Text by Henrylito D. Tacio
Photo source: thestatesman.com
More often than not, we hear and read about wives suffering from violence against women (VAW). Female students, however, are not spared from such kind of violence. That’s the finding of a study done by Mildred D. Megarbio and Romeo T. Cabarde, Jr.
They have documented the experiences of these female students in Voices of Women on Violence Against Women: A Documentation of VAW Experiences of Female Students in Davao City.
Although it was published in 2007, the book is timely as ever, especially when the country will again observe the 18-Day Campaign to End Violence Against Women, which will start on November 25 and end on December 12.
“The effects of VAW can be far-ranging,” Megarbio and Cabarde wrote. “VAW creates lasting consequences in their physical, mental, emotional and psychological health and even reproductive health such as resulting in miscarriages and unwanted pregnancies.
“Being students, their studies take the toll as a result of VAW,” the researchers added. “Worse is that the experiences even created rifts between and among members in the family and those who experienced it lost their self-concept and a few became sexually promiscuous.”
Let’s take a closer look at the facts and figures of the study.
There were 439 respondents from privately-owned Ateneo de Davao University (ADDU) and the state-run University of Southeastern Philippines (USEP). The majority of the respondents (76.3%) heard about VAW, while 26.7% of them do not really know what VAW truly means. “In fact, 35.5% of them cannot identify any specific form of VAW,” the researchers wrote.
But one thing is sure: Almost half of the respondents (44.9%) know someone in school who has experienced some forms of violence, most of which are physical in nature (68.02%). About one-third (31.7%) of them have experienced being humiliated by their teachers in front of the class.
What is interesting is that 29.8% of the respondents heard of someone in school who is engaged in prostitution, one of the forms of exploitation of women.
“The fact that the majority of the respondents have inflicted violence upon another person translates conversely to the number of victims that fell prey to their abuse conduct,” the two researchers wrote.
More than half (51.3%) of the respondents have hit someone. “Most of those whom they hit are their male friends (40%), their brothers (27.56%), and sisters (28%),” the study said. A few dared to hit their parents: father (8.4%) and mother (13.78%).
About 7.3% experienced having sex already, with 68.75% of them having been forced by their partners to engage in sex. On the other side of the coin, more of the respondents (34.38%) admitted that they have also forced their partners to have sex with them.
Aside from the physical bruises, marks, and stains as obvious manifestations, the study also found out these indicators: depression, staring at empty spaces, disturbed, lack of focus in studies, body shivers if in the presence of the perpetrator, becoming man-hater, behavioral changes like being irritable and moody, off tangent answers to questions and unconscious repetition of abusive words they heard from their perpetrators.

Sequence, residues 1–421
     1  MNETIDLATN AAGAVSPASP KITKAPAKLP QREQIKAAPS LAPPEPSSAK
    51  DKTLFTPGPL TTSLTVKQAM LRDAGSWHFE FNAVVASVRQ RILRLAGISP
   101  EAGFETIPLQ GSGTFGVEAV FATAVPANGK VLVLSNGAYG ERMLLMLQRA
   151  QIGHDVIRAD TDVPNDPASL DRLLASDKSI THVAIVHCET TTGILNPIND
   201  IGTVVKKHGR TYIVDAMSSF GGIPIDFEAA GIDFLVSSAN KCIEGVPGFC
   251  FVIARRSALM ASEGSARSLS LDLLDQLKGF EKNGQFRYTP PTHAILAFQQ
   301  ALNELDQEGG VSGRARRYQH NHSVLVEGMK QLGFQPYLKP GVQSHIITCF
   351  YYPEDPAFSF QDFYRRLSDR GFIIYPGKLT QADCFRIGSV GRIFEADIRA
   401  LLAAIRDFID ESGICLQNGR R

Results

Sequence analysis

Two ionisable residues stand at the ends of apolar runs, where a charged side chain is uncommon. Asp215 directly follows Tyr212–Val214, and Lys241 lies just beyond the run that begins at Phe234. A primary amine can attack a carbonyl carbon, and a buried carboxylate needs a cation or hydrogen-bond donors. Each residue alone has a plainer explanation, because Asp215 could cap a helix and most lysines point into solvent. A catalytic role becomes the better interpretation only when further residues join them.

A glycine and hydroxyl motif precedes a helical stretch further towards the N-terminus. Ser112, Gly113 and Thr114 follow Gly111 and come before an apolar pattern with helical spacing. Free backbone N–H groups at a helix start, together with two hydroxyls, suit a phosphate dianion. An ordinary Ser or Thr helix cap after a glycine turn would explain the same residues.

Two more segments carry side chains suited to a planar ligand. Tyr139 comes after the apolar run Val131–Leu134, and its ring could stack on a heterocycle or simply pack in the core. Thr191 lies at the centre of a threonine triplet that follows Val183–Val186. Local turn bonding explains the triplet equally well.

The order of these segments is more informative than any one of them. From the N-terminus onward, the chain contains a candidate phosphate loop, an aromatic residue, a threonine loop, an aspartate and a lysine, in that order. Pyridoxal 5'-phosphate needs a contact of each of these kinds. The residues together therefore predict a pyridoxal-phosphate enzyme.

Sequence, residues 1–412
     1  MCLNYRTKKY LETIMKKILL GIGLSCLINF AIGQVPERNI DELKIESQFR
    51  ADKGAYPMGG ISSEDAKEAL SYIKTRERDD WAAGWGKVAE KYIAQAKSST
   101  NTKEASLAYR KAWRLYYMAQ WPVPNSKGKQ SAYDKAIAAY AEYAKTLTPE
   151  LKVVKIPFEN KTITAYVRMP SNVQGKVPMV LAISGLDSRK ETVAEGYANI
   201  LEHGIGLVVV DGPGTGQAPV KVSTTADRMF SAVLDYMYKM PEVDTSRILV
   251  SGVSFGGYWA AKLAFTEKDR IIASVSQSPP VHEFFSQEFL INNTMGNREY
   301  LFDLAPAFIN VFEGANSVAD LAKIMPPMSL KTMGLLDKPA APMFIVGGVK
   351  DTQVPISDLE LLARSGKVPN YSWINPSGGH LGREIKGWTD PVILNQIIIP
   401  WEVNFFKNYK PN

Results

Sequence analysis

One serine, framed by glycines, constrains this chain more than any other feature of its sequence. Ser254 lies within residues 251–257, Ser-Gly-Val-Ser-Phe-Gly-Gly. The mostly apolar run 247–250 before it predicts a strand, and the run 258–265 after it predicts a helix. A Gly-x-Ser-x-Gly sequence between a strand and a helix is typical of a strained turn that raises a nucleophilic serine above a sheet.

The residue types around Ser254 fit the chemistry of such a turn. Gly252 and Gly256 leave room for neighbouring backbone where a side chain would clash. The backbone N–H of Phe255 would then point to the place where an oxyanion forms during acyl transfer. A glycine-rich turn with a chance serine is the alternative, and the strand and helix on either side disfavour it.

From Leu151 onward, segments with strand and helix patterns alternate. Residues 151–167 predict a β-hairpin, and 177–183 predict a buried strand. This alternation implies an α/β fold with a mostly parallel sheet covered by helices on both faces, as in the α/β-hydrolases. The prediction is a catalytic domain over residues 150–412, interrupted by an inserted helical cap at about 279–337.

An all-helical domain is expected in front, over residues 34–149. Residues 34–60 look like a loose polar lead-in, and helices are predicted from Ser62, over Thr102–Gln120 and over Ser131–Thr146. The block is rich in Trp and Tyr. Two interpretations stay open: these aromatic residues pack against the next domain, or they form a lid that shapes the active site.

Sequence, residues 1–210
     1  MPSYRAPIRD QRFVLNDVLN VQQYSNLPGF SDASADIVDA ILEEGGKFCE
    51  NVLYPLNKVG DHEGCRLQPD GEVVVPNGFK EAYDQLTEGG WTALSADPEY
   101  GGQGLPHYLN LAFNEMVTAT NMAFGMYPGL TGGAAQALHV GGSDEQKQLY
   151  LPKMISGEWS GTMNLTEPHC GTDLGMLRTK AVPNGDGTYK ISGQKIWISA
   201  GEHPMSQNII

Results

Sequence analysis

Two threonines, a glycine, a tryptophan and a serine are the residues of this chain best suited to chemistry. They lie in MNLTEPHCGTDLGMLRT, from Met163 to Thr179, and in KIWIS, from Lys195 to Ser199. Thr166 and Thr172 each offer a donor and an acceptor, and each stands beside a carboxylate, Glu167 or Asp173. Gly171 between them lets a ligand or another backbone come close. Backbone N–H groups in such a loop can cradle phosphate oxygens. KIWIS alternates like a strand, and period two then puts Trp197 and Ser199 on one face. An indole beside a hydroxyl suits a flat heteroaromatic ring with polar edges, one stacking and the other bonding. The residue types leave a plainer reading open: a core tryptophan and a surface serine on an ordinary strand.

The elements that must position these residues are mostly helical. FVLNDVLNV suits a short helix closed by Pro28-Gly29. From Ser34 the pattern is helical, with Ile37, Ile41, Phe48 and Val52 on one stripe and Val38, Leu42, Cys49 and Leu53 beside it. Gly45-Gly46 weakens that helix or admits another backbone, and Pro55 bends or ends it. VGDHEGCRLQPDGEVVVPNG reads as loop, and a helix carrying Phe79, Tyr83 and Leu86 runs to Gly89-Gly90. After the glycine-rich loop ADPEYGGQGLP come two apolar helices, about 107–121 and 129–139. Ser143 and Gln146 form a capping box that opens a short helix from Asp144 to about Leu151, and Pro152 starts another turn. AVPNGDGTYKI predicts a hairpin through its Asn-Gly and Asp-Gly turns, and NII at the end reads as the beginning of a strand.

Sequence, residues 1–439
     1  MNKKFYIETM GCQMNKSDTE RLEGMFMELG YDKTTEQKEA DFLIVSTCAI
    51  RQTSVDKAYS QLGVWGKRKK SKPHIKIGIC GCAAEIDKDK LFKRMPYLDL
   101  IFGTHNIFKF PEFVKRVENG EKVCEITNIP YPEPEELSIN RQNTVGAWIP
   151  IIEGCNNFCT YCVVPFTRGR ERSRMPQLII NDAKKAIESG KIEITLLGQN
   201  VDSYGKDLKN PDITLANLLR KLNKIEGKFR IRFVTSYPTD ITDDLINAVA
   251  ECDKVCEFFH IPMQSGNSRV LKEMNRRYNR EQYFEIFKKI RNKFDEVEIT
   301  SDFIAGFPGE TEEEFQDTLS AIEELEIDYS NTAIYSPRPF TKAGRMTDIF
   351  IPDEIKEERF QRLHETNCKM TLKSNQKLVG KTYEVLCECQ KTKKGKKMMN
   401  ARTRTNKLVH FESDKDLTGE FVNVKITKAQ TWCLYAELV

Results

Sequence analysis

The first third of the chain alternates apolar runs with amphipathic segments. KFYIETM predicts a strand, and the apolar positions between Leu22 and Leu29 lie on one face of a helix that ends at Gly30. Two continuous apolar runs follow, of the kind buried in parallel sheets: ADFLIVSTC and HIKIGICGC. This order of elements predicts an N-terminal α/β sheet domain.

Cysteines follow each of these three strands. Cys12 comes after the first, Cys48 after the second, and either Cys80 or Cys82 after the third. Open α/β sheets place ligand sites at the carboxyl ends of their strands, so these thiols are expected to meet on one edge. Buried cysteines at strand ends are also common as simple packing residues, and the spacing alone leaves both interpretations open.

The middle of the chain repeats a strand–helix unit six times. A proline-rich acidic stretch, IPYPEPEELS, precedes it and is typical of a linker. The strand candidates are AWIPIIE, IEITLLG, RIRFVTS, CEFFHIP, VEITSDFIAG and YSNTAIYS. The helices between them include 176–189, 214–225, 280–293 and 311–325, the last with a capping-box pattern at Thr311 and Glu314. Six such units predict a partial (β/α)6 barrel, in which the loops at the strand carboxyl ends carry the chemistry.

What happened to these students who were victims of VAW?
“Despite the difficulties that most of them go through, many of them manage to cope creatively with the problematic situation,” Megarbio and Cabarde wrote. “Most of them would just keep silent through or pretend as if nothing has happened as a means of addressing their worries.
“The friends would be of big help as they usually become the outlets and emotional vents of the victims. Others seek help from parents, local authorities, relatives and even from courts, although a few mentioned that they already lost hope in institutions who can give them support,” the researchers added.
History is replete with accounts of violence against women. As Nobel prize-winning Kofi Anan puts it: “Violence against women is perhaps the most shameful human rights violation. It knows no boundaries and geography, culture or wealth. As long as it continues, we cannot claim to be making real progress towards equality, development, and peace.”
The Declaration on the Elimination of Violence Against Women (1993) defines VAW as “any act of gender-based violence that results in, or is likely to result in, physical, sexual or mental harm or suffering to women, including threats of such acts, coercion or arbitrary deprivation of liberty, whether occurring in public or in private life.”
Since the outbreak of coronavirus disease 2019 (COVID-19), emerging data and reports from those on the front lines have shown that all types of violence against women and girls, particularly domestic violence, have intensified, UN Women reported.
According to COVID-19 and Violence Against Women: The Evidence Behind the Talk, searches related to physical violence increased significantly between October 2019 and September 2020. Searches using help-seeking keywords increased in almost all countries. Online misogyny rose, including trolling, sexual harassment, and victim-blaming.
VAW against women – whether children, students, housewives, mistresses, and colleagues – must be stopped now. “Violence against women is endemic in every country and culture, causing harm to millions of women and their families, and has been exacerbated by the COVID-19 pandemic,” said Director-General Dr. Tedros Adhanom Ghebreyesus of the World Health Organization (WHO).